Since SpaceX was formed in 2002, it has been breaking records and making headlines for its ambitious plans for space travel and research.
SpaceX is headed by PayPal founder and Tesla CEO, Elon Musk.
Musk carries a reputation for being singularly focused on his ambitions and dreams. Musk who made roughly $1.6 million when he sold PayPal to eBay in 2002.
With the goal to reduce the cost of space travel, SpaceX was founded the same year Musk sold PayPal to eBay in 2002.
Like all good startups SpaceX is very good at self-promotion and between Elon Musk's private Twitter and Instagram accounts and the company's Flickr stream, SpaceX has provided us with a huge catalog of stunning images.
Ranging from the power of their numerous rocket launches to the wonder of space, we have selected some of our favorite SpaceX images for you to enjoy.
The PAZ mission, building space broadband
On the 22 February 2018, SpaceX launched one of it's Falcon 9 rockets carrying some very important payload.
On board was a Spanish radar imaging satellite called PAZ along with two prototype satellites that will form part of a test of SpaceX's new low Earth orbit broadband network.
The Falcon Heavy Launch, stepping into history
SpaceX operates the world's most powerful operational rocket, the Falcon Heavy.
The huge rocket successfully launched on February 6th, 2018 at 3:45 pm.
The historic launch was watched by thousands of people all over the world both in person and via a live stream link. The rocket is actually made up of three Falcon 9 rockets strapped together.
As SpaceX aims to reduce costs of flights by reusing rockets, all three thrusters were expected to land again on earth.
Two out of three made it home. Thrusters LZ1 and LZ2 made it back to earth without a hitch, landing in sync back at the Kennedy Air Force Station.
The third thruster was scheduled to land on a SpaceX ocean-based landing pad called “Of Course I Still Love You", however, the thruster did not make it.
The GovSat-1 Mission delivering a satellite
On the 31st January 2018, SpaceX launched a Falcon 9 rocket carrying the GovSat-1 satellite to a Geostationary Transfer Orbit (GTO) from Cape Canaveral Air Force Station, Florida.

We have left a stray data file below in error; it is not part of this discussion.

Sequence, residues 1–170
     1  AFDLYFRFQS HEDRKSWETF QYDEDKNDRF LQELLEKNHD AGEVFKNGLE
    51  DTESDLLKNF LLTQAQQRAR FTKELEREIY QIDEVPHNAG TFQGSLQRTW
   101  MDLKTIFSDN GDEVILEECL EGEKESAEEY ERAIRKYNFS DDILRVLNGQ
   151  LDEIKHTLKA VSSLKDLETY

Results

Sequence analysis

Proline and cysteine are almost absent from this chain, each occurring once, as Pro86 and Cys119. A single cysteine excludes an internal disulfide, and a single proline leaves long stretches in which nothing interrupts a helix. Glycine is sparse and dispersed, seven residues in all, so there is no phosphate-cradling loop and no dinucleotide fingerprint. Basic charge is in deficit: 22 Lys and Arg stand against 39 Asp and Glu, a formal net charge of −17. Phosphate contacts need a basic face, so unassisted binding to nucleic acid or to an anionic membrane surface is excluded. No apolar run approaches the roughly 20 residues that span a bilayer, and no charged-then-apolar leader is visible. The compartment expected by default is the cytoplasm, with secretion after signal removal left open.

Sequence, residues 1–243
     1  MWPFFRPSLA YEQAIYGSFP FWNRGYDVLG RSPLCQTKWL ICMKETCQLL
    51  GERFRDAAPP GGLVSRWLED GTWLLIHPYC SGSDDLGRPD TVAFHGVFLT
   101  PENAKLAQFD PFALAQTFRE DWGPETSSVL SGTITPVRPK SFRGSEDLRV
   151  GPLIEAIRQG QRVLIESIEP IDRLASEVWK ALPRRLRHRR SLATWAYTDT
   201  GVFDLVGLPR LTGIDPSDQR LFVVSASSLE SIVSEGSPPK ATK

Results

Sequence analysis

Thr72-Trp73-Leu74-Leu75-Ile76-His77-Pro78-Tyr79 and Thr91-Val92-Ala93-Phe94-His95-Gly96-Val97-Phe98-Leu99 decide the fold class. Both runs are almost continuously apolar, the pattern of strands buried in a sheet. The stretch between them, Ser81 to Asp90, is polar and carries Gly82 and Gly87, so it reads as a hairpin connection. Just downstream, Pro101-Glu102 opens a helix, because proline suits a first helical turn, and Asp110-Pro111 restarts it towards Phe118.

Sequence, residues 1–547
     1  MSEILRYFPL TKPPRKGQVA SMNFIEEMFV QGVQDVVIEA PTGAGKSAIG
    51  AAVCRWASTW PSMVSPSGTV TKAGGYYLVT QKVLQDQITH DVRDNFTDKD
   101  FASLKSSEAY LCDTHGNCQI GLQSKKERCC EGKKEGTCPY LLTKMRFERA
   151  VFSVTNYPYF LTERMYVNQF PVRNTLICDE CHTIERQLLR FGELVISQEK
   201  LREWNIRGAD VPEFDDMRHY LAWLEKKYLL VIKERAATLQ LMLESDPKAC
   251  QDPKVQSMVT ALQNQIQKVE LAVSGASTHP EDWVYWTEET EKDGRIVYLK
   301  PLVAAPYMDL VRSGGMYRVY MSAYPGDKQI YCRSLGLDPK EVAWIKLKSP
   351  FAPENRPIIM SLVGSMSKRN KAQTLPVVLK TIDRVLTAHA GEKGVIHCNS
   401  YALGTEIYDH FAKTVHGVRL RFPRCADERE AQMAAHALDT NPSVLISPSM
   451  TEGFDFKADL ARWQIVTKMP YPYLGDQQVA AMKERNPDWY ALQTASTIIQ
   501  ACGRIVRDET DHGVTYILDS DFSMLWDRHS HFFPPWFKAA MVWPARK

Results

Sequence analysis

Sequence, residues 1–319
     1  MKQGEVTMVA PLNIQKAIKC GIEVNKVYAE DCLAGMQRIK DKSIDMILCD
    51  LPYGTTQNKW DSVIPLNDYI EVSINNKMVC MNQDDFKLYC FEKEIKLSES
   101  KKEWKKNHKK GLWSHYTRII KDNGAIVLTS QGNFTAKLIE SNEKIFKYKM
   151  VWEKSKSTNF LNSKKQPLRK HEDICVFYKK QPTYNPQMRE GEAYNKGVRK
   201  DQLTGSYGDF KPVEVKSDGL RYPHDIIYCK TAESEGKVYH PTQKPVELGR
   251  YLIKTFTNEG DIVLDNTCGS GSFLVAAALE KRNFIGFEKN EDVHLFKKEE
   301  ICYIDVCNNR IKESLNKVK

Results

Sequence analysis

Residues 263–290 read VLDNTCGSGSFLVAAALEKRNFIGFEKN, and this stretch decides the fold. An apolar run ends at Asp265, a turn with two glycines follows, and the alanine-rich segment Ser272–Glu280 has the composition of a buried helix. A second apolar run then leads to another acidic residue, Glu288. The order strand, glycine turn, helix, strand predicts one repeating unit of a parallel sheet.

The GovSat-1 Satellite is the first satellite from GovSat, a public-private partnership between the Government of Luxembourg and the satellite operator SES.
The Zuma Mission: a big secret
While SpaceX is generally happy to share lots of information about its missions, one mission is so secretive, no one can confirm the details.
What we do know is that a Falcon 9 rocket left Cape Canaveral Air Force Station in Florida on January 7, 2017, with a payload built by defense contractor Northrop Grumman intended for low earth orbit.
The customer is an unidentified U.S. intelligence agency.
This is SpaceX's third secretive mission. SpaceX has previously launched an X-37B space plane for the U.S. Air Force and an NROL-76 spy satellite for the National Reconnaissance Office.
The Iridium Missions: 75 satellites building a constellation
SpaceX has carried out four missions carrying payloads for Iridium, a global leader in mobile voice and data satellite communications.
The last mission Iridium-4 carried a set of 10 satellites from a series of 75 total satellites that SpaceX will launch for Iridium’s next-generation global satellite constellation, Iridium® NEXT.
The next mission is expected to happen in March 2018.
ISS Resupply Missions: The Dragon carrying 6,400 pounds
SpaceX rockets perform critical re-fuelling missions for the International Space Station (ISS).
To complete these missions a Falcon Heavy Rocket sends a Dragon spacecraft to low-Earth orbit carrying fuel and supply for the base.
The Dragons typically carry 6,400 pounds of supplies and payloads to support the work of the astronauts aboard the ISS.
SpaceX has an agreement to complete twenty re-supply missions between Earth and the International Space Station under its first contract with NASA.
The contract means the USA now has a way to be an integral part of the resupply mission, as the Dragon is the only uncrewed vehicle capable of returning a payload.
Reuse and Recycle: a Focus for SpaceX
SpaceX has the ongoing goal of reducing the cost of space launches and space exploration.
It has achieved this in part by building rockets that are reusable. The Falcon Heavy booster is designed to land back on earth after launch.
SpaceX says the booster forms about 70% of the total cost of a launch, so by reusing these boosters, they are able to save themselves and their customers millions of dollars.
The boosters are programmed to return to land either close to the original launch site or on to one of two remote drone-ships acting as landing pads.
The two drone-ships called 'Of Course I Still Love You' (OCISLY) and 'Just Read the Instructions' (JRTI).
OCISLY services launch from Port Canaveral and JTRI is ready to recover boosters from launches at Vandenberg.
The relatively cheap cost of a SpaceX launch has created some fierce competition among the world of space startups.
United Launch Alliance is working hard to drop the cost of its Atlas 5 rocket to bring it into the zone of SpaceX pricing.
The future of SpaceX
SpaceX has big plans for the future. According to their website, they have more than forty missions already planned for the near future.
Elon Musk also has his eyes set on Mars, he hopes there will be a mission to the red planet before 2025.